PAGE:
Stepkids - Photo by Elissa Stolman
looks like the opening band for Jefferson Airplane at the Fillmore
in San Francisco circa 1966, but the group is in fact warming up a crowd at New York’s Webster Hall for Brit rock troupe the Horrors
this evening. Up in the balcony, two techies are controlling a light show that is projected, Airplane-like, onstage and against the Stepkids’ crisp white outfits as the boys jam out, all long hair and solos. The trio noodles through tracks from its fresh self-titled debut LP
, hitting “La La” and ending with a drawn-out rendition of “Cup Half Full.” The last song is a winding affair, each bandmate tickling and pattering and rocking out until they all come together on that last note and freeze—drumsticks in the air, guitar necks pointing skyward—freeze and freeze and then drop the note into a tangle of percussion.
And then the retro hippie vibes are over. Forget 1960s San Francisco—now Webster Hall looks like the image of the 1970s in the U.K. or maybe CBGB. The Horrors, like the Kills, have the punk-rock posture down pat: all black, leather jacket, skinny jeans, Oxfords. In demeanor, the band is more emo than punk. Lead singer Faris Badwan sings instead of screams, and although it’s hard to make out what he’s saying it sounds like Robert Smith, and none of his bandmates seem at all likely to spit on someone’s face or smash a speaker or even just say something to the effect of “Go to hell!” They don’t even really look like they’re having that much fun onstage.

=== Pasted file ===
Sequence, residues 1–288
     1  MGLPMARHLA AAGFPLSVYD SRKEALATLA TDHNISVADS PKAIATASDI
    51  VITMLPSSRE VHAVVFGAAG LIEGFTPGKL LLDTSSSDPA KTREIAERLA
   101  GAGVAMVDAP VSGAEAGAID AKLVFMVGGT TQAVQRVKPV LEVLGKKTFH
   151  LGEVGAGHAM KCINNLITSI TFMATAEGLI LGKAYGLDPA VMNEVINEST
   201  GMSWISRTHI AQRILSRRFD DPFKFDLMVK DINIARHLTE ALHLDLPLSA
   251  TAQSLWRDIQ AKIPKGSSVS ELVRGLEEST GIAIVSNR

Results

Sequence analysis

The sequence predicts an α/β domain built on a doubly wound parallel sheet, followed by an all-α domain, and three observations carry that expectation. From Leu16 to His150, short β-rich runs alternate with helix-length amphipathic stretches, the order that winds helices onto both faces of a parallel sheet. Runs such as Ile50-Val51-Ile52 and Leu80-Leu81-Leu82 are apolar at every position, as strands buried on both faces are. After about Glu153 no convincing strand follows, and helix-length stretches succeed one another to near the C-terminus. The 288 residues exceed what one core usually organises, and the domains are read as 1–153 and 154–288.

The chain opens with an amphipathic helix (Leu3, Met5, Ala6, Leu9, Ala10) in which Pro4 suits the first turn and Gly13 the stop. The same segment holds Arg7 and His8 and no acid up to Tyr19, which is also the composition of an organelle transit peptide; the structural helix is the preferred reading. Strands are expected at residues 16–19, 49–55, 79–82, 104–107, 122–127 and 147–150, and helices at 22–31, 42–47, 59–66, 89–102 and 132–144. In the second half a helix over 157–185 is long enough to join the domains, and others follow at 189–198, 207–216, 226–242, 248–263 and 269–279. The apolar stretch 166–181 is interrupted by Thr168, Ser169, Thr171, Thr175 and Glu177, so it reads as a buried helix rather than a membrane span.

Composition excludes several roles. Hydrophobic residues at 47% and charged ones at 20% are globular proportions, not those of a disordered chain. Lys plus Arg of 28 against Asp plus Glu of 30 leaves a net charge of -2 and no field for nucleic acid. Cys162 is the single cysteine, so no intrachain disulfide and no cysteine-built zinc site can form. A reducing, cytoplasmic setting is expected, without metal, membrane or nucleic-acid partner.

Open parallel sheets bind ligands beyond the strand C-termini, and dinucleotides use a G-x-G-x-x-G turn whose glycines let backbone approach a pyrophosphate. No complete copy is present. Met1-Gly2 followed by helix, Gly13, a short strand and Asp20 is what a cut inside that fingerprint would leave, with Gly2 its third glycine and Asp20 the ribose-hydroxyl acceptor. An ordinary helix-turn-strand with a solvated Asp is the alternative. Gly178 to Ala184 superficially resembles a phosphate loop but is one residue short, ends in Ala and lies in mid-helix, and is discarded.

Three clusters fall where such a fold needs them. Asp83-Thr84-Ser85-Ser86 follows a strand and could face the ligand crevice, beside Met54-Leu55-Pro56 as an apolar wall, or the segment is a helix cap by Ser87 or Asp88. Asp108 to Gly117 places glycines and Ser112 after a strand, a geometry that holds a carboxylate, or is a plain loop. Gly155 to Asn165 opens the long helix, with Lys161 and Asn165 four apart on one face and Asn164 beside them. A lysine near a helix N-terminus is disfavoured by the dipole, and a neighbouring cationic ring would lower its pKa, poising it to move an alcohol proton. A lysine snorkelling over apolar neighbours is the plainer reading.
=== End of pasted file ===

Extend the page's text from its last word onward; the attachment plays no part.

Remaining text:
Horrors guitarist Joshua Third finally got a new ‘do (because this
was just not cutting it), which makes him look adorably like a floppy, shaggy doggie when he wanders around stage with his guitar. On Badwan’s other side, Tom Cowan stands behind the keyboard looking noticeably nerdier than his picturesquely punk-rock bandmates—in lieu of all-black everything, he’s rocking a shirt buttoned all the way up with his hair neatly styled. Badwan himself is perfectly punk looking but in a way that suggests he could pull off any look just as well. Like a skinny rockstar paper doll, Badwan could convincingly pose as a member of Weezer or a coffeehouse singer-songwriter.